Psychology of Choice for B2B Marketing

Addressing personal values matters in B2B marketing — more than most might think. In fact, research from Motista and ThinkGoogle shows that B2B brands have more emotional bonds with their customers than B2C brands. Their findings showed that B2B brands had emotional connections with around 50% of their customers.

Addressing personal values matters in B2B marketing — more than most might think. In fact, research from Motista and ThinkGoogle shows that B2B brands have more emotional bonds with their customers than B2C brands. Their findings, which involved researching more than 3,000 brands, showed that B2B brands had emotional connections with around 50% of their customers and B2C brands had that coveted connection with only 10% – 40%.

So how do you get someone emotional about buying accounting software? Ordering a machine repair? Paper supplies and other products and services that are not known for creating warm fuzzies?

Its actually really simple: You don’t.

You get them excited about what really matters? Self actualization.

Remember Maslow’s hierarchy of needs? And that little tiny part at the apex of the pyramid he labeled “actualization”? Well, whether we get there or not, we aspire to be there. One way or another. Down deep, we aspire to do something greater than our parents did. Greater than most think we can do. Greater than our current routine?

We want to be that next great writer. Artist. Rapper. Comic. Or top-achieving business executive.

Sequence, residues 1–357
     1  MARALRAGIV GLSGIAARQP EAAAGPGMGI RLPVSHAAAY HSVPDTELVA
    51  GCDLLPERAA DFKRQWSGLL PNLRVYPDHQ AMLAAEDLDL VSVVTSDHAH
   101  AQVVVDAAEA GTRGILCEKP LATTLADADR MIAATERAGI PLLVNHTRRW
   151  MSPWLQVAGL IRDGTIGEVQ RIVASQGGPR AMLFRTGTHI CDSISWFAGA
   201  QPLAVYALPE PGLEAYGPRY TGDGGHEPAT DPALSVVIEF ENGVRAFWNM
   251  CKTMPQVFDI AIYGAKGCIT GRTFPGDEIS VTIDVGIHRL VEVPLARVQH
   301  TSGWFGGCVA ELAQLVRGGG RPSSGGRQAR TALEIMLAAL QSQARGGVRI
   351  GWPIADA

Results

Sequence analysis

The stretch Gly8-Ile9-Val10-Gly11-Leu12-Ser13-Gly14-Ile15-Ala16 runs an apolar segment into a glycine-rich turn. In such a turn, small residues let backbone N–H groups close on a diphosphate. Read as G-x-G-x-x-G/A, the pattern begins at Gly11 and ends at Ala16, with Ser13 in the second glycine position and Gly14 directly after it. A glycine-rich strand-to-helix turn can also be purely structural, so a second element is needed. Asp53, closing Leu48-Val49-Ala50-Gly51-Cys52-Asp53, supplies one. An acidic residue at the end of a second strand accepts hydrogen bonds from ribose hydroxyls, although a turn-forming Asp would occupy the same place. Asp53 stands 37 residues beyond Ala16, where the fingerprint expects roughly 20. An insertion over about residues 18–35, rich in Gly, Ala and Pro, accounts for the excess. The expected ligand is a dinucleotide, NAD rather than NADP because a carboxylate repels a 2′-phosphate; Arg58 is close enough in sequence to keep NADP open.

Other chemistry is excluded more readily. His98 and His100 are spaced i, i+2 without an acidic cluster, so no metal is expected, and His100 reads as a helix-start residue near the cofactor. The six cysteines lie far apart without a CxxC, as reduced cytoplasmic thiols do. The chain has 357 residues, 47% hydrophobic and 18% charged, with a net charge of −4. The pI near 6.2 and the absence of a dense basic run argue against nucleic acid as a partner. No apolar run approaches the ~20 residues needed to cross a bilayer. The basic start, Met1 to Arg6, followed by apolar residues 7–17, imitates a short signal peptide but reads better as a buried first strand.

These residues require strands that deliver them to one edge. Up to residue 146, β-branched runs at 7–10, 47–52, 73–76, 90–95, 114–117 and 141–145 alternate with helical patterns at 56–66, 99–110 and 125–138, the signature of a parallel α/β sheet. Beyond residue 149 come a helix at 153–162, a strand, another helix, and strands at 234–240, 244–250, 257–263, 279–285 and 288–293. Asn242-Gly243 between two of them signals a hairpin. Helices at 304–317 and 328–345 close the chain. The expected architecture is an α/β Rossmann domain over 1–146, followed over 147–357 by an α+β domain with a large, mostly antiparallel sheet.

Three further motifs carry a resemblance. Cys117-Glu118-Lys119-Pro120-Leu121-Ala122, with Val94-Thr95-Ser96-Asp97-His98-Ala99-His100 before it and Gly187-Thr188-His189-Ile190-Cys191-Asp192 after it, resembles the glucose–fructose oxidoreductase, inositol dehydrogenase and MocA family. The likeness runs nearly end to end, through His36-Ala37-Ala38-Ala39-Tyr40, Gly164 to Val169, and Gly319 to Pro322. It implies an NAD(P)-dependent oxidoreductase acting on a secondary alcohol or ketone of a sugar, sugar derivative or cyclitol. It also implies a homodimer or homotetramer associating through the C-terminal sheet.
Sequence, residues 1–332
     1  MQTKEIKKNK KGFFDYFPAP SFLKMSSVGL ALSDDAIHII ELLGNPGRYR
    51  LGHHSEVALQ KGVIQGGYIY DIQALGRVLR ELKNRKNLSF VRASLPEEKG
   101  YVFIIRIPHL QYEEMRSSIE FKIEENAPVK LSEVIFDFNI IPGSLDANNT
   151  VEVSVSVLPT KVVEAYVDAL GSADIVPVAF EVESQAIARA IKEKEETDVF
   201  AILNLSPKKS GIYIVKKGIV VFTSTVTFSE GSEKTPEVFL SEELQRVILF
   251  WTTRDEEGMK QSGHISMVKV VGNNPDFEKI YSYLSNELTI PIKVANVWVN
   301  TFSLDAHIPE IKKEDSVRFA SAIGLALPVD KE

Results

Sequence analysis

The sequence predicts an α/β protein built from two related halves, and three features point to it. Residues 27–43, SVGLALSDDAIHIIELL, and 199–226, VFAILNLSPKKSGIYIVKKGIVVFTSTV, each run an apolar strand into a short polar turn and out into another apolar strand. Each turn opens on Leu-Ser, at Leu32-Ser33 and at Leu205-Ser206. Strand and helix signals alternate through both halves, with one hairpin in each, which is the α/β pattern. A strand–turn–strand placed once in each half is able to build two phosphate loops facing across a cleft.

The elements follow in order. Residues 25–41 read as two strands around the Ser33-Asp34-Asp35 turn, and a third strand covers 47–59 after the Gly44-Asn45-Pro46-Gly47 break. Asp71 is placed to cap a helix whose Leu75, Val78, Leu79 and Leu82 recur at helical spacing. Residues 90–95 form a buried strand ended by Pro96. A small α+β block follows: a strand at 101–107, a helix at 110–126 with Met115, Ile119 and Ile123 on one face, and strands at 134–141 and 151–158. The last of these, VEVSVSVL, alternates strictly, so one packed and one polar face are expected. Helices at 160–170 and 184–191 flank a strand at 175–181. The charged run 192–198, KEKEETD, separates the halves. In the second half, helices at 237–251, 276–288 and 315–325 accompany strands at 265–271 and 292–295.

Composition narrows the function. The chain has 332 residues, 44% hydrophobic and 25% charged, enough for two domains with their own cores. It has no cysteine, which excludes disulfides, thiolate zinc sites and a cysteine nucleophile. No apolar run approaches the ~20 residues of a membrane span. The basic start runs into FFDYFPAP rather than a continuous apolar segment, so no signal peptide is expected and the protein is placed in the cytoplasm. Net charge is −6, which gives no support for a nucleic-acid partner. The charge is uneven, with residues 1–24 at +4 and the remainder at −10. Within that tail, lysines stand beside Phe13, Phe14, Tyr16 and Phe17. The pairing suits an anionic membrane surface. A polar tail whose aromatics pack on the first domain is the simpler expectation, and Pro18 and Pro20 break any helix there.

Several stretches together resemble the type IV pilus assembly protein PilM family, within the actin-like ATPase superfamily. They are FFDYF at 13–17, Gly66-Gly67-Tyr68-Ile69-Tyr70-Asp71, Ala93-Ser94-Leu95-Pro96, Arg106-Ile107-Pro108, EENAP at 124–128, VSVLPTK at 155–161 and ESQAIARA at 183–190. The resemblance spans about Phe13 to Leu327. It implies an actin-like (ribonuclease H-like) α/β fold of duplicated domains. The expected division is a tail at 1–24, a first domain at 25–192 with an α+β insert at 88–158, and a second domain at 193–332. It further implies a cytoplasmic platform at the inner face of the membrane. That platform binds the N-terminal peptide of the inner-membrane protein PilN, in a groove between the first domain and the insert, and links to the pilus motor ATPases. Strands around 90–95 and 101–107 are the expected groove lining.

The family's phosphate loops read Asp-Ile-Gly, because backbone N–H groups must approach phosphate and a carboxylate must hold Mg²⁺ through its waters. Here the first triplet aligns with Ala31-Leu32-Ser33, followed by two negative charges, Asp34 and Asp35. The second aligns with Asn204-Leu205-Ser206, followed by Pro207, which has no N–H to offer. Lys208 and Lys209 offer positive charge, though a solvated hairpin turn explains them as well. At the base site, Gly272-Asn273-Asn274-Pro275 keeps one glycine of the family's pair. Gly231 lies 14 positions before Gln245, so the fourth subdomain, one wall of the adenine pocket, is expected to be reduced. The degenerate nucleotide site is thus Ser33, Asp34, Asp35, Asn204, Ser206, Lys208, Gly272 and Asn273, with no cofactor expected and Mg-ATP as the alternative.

We think about these things, and then we go right back to the moment at-hand. Being the best we can be at what we are doing day-to-day. This is what we marketers need to focus on. First.

If we can provide customers and prospects with the hope that we can help them succeed at their jobs, get a promotion, maintain stability to provide for their families, achieve their short- and long-term goals, we will capture their attention.

And if we can provide more than hope, such as actionable advice that helps them refine their skills, do something better than before, we will trigger that very important response — dopamine rushes — that creates emotional bonds and passion that will be hard for anyone to break.

How do you go about doing the above? Ask your customers. Instead of asking about ways you can better serve them, keep their business, and so on, ask what they need help with beyond your products.

Start with:

  1. What are your greatest challenges each day?
  2. How are you being evaluated for your job performance?
  3. What skill gaps do you feel are holding you back?

Then create materials and activities that help them overcome these challenges. If you can do this, you will create emotional bonds that are much stronger than price, and even convenience to some degree.

It’s true that whomever provides the guidance, insights and confidence that make a difference in our world becomes a partner, not a supplier. And that distinction is what creates those bonds that secure loyalty, sales and marketing ROI.

What B2C Marketers Can Learn From B2B